So there it was, even from beyond the grave, my mother, as usual, was getting her own way.

Of course it wasn’t quite that simple, there were a number of obstacles to overcome, not least her literary agent, Helen Heller, a woman whose reputation for toughness and editorial skill is formidable. Together she and my mother had created an enviable reputation and made a good deal of money, which she wouldn’t be keen to jeopardise on this, the last novel.

‘So what makes you think you can do it?’ she asked rather crisply when I told her the plan. ‘In my experience, only about one per cent of the population can write to a publishable standard and there’s no evidence to suggest you are one of them – magazine features do not count, I’m afraid.’

How, I have no idea, but somehow I managed to convince her to let me give it a go and when, eventually, she had seen and approved a good many sample chapters, her support was invaluable and unstinting. So too was my father’s.

He and I spent many hours thrashing out the plot in his sitting room, trying to second-guess my mother and to work out where it was she had been heading because, frustratingly, she hadn’t left any notes – certainly none that we could find.

And it wasn’t just about deciphering the plot. All my mother’s novels were historically based and most, including this one, set in 12th-century England. But while she had had 30 years of research under her belt and virtually every aspect of the Middle Ages at her fingertips, I had none. Nevertheless, her publishers wanted to see a first draft within three months or all bets were off.

I have never worked so hard – or so happily – but then I was inspired by my mum and the fact that I had been given an opportunity to do this one last thing for her, my Herculean task; my last gift.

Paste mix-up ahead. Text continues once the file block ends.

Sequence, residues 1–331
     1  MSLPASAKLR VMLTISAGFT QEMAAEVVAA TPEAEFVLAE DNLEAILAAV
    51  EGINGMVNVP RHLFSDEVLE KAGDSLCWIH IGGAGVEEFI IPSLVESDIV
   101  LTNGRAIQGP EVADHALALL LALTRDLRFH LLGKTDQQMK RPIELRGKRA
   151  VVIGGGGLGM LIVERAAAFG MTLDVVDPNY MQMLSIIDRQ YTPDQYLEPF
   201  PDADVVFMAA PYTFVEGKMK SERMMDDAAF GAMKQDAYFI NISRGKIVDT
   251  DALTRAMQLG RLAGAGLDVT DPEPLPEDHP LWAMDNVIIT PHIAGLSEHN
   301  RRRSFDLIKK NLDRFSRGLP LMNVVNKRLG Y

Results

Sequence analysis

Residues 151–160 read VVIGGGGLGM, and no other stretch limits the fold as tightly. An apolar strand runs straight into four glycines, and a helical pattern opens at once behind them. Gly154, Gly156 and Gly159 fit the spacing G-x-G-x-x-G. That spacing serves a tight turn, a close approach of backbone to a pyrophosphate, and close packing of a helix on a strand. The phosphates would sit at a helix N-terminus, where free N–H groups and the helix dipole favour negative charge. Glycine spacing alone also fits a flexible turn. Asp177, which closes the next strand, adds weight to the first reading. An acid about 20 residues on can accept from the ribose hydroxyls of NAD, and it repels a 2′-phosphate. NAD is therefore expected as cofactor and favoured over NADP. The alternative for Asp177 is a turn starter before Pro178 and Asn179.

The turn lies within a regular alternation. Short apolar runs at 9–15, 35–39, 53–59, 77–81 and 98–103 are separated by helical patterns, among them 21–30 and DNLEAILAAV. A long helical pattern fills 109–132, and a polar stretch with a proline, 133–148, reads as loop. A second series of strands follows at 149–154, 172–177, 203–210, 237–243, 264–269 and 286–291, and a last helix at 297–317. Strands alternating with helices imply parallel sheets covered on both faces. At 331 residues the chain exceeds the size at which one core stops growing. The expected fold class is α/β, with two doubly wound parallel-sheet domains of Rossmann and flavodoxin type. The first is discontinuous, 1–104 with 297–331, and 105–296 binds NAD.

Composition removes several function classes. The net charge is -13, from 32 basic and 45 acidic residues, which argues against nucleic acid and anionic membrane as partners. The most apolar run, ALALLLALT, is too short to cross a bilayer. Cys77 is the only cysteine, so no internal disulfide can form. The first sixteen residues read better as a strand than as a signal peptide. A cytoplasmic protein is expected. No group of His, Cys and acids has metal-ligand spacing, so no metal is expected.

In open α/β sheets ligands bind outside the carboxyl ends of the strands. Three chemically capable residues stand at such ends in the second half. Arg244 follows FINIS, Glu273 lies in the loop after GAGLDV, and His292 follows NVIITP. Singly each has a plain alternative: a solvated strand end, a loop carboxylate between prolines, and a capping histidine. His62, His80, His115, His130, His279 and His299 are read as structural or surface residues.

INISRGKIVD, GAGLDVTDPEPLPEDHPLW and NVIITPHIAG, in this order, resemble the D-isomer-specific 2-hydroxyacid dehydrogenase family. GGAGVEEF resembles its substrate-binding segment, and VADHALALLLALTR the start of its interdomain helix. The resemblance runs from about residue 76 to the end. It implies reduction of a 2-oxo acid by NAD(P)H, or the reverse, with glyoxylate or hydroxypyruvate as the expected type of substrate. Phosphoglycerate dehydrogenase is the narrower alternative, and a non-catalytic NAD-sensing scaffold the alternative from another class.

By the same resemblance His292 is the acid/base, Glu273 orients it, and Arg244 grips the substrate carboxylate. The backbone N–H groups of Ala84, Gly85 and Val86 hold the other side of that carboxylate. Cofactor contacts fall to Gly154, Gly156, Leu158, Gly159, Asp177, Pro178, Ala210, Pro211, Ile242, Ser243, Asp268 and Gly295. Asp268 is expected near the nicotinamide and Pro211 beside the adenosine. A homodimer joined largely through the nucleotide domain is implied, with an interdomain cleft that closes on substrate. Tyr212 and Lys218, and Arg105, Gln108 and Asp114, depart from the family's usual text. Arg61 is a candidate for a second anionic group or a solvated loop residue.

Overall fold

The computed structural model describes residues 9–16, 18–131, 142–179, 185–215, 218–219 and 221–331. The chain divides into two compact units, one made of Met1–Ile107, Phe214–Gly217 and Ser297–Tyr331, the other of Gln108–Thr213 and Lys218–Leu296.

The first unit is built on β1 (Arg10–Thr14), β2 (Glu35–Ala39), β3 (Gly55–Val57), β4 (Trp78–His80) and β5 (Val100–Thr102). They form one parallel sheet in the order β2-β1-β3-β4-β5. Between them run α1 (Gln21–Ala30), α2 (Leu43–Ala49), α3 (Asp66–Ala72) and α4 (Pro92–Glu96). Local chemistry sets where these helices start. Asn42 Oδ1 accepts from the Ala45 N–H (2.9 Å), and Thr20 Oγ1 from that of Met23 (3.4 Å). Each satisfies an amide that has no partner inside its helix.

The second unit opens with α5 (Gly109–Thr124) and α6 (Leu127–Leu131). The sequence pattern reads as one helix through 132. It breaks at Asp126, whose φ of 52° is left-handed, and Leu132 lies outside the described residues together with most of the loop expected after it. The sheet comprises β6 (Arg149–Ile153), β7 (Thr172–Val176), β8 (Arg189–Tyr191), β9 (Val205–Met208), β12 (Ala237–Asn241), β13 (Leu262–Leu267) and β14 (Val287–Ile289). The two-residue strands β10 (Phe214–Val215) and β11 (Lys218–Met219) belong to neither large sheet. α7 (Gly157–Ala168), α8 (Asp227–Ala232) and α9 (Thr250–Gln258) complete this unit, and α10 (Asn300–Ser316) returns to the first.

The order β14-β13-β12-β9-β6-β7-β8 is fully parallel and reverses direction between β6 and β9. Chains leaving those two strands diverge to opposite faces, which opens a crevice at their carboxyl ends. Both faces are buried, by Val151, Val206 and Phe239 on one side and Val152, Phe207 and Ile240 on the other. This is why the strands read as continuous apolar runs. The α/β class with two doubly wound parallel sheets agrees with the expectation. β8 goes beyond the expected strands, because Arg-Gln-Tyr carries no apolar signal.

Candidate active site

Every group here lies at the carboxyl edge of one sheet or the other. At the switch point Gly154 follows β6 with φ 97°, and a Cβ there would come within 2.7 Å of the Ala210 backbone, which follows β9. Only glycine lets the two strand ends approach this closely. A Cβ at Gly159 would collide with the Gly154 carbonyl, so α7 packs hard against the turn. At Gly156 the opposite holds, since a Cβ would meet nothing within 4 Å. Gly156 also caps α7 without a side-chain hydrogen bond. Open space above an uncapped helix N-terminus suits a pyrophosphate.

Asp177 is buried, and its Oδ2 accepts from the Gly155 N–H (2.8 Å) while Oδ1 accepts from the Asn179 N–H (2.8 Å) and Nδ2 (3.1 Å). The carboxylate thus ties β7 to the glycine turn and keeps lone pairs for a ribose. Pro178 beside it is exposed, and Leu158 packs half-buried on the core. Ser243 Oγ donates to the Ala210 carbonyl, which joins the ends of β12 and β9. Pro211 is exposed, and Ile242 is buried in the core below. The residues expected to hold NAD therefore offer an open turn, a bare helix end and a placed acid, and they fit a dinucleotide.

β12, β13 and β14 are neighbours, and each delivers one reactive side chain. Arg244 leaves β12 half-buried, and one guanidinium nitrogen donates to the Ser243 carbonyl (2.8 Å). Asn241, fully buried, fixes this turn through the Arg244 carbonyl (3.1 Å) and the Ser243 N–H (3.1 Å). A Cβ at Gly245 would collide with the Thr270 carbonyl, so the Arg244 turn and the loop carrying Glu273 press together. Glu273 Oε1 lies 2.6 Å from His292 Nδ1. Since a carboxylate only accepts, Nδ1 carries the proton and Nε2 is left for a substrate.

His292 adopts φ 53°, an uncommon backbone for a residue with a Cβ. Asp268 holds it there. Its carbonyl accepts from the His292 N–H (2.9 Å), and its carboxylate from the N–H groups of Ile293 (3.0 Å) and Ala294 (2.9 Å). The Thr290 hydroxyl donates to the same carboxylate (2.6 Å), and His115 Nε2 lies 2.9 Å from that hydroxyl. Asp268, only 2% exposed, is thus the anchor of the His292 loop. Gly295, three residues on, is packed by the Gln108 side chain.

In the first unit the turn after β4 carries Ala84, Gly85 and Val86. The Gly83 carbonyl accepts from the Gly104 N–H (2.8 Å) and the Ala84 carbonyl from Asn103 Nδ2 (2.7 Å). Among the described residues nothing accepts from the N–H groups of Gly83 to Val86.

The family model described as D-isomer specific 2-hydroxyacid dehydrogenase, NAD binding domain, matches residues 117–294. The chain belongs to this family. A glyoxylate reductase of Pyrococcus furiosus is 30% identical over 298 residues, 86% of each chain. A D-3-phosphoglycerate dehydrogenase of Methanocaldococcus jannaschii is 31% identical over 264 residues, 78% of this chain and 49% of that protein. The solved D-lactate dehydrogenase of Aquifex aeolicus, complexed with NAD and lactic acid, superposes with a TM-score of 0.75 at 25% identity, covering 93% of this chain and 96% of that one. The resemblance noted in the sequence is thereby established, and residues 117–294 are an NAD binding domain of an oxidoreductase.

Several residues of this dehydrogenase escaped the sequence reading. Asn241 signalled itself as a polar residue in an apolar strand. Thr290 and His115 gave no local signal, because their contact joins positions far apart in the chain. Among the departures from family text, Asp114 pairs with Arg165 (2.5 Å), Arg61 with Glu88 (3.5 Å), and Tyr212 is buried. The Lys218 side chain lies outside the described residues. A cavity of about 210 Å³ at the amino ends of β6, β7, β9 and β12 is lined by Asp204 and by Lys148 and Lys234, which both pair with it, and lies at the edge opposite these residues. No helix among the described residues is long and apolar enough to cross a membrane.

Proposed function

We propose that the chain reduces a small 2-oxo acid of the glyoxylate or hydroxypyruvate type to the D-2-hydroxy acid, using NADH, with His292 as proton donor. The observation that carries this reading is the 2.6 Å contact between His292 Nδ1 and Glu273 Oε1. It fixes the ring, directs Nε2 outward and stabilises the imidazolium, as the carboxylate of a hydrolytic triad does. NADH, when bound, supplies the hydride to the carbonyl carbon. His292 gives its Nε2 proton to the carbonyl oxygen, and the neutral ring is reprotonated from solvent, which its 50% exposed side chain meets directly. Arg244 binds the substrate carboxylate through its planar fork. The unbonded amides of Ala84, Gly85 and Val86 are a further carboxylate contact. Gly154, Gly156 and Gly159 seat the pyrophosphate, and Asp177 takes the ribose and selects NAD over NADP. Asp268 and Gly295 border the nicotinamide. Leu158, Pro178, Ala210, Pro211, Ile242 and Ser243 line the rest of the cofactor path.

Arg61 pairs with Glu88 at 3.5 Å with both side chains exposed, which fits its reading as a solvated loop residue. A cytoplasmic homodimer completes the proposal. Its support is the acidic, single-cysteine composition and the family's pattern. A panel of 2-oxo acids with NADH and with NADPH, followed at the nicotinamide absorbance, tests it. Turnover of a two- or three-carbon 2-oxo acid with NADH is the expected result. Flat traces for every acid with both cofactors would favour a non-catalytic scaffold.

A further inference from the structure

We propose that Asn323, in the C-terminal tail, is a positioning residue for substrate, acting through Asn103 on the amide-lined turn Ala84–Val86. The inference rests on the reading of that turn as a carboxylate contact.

In fact, it turned out that it was actually her final gift to me, perhaps even the saving of me. Instead of desperately grieving, I was able to continue a dialogue with her, come to terms with losing her physically by climbing inside her head, thinking her thoughts and writing in her voice which, to me anyway, still sounded so strong.

I followed her around, the shadow of her shadow, heading off to discover the strange, watery half-land of the Fens, a place she had loved and been fascinated by and where many of her novels, including this, were set. I also spent a good deal of time wandering around the beautiful back stacks of the London Library, probably her favourite place in the world, picking up and reading books, many of which, I’m quite sure, had last been picked up and read by her.

After all, how much demand could there be for a title such as 12th Century Wooden Synagogues? And then there were the strange eureka moments, the kind most novelists can only dream of, apparently, when I would wake in the middle of the night convinced that I knew exactly how a certain plot twist she had set up should resolve itself and how it should be written.

People often ask if I found the process daunting, but the truth is that I didn’t have the luxury of the time it would have taken to sit around and be daunted. The manuscript had to be delivered – my mother was nothing if not professional and, to my knowledge, never once missed a deadline – and this was something I needed to do. Apart from anything else, there was that deeply irritating refrain of hers, the one that still echoes around my head: ‘Oh, just get on and write, will you, woman!’

So, just to silence that, if only for a moment, I did.

Winter Siege, by Ariana Franklin and Samantha Norman, is published by Bantam Press, priced £16.99.